x Abu Dhabi, UAESunday 21 January 2018

Hotels in Abu Dhabi cutting room rates

Discounts of as much as 15 per cent indicate that the global financial crisis is beginning to affect the business tourism.

Hotels in Abu Dhabi have discounted room rates by as much as 15 per cent, indicating that the global financial crisis is beginning to affect the core market of business tourism. The move follows steep discounts introduced by hotels in Dubai in December, where rates have come down by as much as 60 per cent to shore up the hard-hit leisure segment. The rate cuts have helped to boost occupancy levels, but analysts say the strategy threatens profits.

The shortage of hotel rooms in Abu Dhabi last year enabled hoteliers to keep prices at a premium, but as companies cut their travel budgets in the wake of the crisis, demand has eased this year, sector observers say. "We have cut our room rates by 15 per cent this year because our rates last year were simply not logical to have during this economic crisis," said Jihad al Attar, the director of sales at Millennium Hotel Abu Dhabi.

The Millennium was now offering rooms for about Dh1,100 (US$272) a night, down from Dh1,500 last year, said Mr al Attar. "Since the beginning of the year, demand has eased off by 10 per cent to 20 per cent, which is something we did not expect at all." Business tourism in Abu Dhabi accounts for about 80 per cent of occupancies at hotels, according to the Abu Dhabi Tourism Authority (ADTA). "In the wake of this crisis, the leisure segment is more vulnerable compared to business travel," said Gerhard Hardick, the chief operating officer of Roya International, a Dubai-based hospitality consultancy firm.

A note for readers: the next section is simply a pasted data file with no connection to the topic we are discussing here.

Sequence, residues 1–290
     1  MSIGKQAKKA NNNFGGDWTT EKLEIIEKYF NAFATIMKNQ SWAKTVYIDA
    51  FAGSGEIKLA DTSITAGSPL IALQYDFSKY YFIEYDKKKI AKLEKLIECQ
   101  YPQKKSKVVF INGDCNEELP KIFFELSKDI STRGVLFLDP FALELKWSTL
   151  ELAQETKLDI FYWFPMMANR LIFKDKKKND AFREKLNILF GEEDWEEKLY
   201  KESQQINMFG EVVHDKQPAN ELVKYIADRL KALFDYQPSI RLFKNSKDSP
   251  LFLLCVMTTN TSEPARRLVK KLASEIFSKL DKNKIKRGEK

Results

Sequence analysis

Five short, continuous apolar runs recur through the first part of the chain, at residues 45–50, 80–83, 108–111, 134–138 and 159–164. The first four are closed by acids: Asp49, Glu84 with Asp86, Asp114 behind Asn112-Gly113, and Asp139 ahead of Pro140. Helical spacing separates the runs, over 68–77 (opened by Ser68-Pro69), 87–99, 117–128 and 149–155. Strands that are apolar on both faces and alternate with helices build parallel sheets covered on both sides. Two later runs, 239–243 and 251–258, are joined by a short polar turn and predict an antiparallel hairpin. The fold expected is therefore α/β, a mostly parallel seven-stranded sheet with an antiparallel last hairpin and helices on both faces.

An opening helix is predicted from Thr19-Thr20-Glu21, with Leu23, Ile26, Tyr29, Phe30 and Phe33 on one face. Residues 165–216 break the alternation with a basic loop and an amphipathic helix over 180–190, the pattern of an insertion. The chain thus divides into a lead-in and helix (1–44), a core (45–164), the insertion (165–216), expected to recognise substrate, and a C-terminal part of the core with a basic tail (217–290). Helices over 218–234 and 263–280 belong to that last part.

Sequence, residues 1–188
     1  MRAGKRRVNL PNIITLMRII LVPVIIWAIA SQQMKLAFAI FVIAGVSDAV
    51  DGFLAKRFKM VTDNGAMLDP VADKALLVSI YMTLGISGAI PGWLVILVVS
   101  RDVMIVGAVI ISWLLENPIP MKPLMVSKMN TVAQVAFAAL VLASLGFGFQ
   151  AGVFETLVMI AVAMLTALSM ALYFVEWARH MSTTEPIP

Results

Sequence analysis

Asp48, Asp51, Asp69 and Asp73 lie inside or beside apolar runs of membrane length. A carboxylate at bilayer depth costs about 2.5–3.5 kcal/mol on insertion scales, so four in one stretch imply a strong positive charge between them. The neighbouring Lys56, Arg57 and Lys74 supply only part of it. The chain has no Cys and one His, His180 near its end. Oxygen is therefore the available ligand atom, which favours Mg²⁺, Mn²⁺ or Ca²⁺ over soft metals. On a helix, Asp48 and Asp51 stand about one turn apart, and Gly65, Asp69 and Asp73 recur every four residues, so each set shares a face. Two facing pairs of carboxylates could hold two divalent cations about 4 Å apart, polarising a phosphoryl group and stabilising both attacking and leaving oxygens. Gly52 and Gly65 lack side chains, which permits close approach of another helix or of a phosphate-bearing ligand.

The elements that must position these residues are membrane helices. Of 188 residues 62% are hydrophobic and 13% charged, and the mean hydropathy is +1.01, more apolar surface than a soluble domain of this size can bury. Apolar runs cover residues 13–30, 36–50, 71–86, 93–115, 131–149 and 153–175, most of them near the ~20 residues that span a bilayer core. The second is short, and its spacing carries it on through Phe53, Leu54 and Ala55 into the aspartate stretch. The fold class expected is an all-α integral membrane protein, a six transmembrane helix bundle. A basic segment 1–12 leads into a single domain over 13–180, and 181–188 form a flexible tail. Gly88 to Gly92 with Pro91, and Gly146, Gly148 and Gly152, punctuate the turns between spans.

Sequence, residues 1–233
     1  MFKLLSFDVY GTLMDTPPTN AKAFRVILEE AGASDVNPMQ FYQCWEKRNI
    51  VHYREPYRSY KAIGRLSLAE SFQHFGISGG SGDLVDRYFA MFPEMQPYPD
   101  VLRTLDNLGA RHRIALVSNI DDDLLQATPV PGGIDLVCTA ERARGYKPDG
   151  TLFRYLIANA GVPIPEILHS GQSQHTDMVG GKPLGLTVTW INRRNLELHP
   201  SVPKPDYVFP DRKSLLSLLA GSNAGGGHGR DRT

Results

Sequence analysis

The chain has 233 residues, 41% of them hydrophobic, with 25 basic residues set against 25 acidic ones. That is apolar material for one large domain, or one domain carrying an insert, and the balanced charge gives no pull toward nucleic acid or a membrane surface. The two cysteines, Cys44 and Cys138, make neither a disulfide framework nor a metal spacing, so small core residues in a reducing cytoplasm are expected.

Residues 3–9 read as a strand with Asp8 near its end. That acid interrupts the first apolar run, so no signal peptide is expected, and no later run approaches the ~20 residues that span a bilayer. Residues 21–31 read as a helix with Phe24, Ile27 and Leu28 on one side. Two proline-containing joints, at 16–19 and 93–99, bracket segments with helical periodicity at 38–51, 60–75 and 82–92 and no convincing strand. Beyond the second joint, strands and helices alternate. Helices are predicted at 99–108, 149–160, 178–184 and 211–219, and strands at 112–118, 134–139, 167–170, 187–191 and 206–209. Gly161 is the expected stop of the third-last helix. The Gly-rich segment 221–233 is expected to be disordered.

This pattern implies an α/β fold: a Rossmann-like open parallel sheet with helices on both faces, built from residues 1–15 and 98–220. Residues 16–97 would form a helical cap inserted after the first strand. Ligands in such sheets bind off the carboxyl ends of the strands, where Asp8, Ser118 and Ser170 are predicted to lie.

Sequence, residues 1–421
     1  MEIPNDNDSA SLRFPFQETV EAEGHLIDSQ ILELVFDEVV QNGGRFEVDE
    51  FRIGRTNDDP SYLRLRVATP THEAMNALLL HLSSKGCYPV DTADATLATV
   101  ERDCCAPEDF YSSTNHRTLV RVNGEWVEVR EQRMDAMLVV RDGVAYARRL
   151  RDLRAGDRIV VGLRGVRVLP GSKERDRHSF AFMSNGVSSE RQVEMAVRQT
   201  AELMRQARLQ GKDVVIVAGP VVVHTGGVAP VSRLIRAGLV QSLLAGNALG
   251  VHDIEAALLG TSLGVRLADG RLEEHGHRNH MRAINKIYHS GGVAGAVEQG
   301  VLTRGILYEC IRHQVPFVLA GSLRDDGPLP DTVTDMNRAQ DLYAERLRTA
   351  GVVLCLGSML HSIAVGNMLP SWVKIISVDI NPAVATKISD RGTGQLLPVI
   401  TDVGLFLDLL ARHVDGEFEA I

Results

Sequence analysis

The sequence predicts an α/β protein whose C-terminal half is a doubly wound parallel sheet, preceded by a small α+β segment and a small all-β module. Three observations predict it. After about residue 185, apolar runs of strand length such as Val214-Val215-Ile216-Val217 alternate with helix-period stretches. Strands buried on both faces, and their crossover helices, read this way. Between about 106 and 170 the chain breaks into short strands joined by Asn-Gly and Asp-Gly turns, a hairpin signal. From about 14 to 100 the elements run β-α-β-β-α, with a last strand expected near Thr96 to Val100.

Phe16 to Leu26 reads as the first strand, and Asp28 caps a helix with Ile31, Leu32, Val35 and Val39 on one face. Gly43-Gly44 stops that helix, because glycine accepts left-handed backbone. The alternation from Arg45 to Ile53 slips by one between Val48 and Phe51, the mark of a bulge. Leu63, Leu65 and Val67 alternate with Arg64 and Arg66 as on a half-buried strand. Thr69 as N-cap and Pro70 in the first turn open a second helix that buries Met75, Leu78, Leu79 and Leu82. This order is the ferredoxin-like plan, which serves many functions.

However, Mr Hardick was optimistic about Abu Dhabi's hotel performance, saying the shortage of rooms in the emirate would help to keep rates at healthy levels. "Ironically, the shortage of hotel rooms in Abu Dhabi, which was once a problem, is now helping hotels in this situation because demand is always going to be greater than the supply." he said. Sheikh Sultan bin Tahnoon, the chairman of the ADTA, said in November that the emirate planned to offer more than 26,000 hotel rooms by the end of 2012. The significant hotel expansion is part of the authority's five-year plan which aims to see 2.7 million guests visiting the capital's cultural offerings, such as the planned branches of the Louvre and Guggenheim museums.

Noel Massoud, an Abu Dhabi-based hospitality consultant and the former general manger of the Emirates Palace hotel, said the "unreasonable" rates that were being charged by hotels in the emirate last year were no longer acceptable. "Last year, hotels used to take advantage of the situation and charge guests as much as they wanted because, at the end of the day, it's a business and they want to make as much profits as possible," said Mr Massoud. "But now I think that the tables have turned and we will start to see a correction in the unreasonable rates that were once charged."

Abu Dhabi's hotels were rated the fifth-most expensive in the world last year, rising from 19th place a year earlier, according to a survey by Hogg Robinson Group (HRG), a UK-based global travel booking agency. Room rates in Abu Dhabi increased by 36 per cent last year to reach an average of Dh1,305 a day, the study said. The same report also showed that Dubai had dropped from third place in 2007 to eighth place last year on room rates, with an average rate of Dh1,246.

Santouch Rai, the group operations manager of the Ramee Hotels and Resorts, which operates three-star and four-star properties in Abu Dhabi, said it had also cut rates by between 10 per cent and 15 per cent. "Our rate is about Dh650 a night now," he said. "Even so, the situation is so bad right now, we are not sure if we will drop our rates even further over the coming couple of months." However, some hotels have managed to raise rates, including the Emirates Palace, which this year increased its rates by 5 per cent to Dh1,800 per night, said a sales agent at the hotel.

"We have to keep up the image of the hotel and dropping rates is not the direction we will take as our occupancy is still looking very healthy in the 70s level," he said. Shady Nickola, the director of rooms at the Beach Rotana Abu Dhabi, also said the hotel's rates were slightly higher than last year. "We still find no reason to drop our rates when we can charge around Dh870 a night and still have occupancy rates in the high 80s," he said.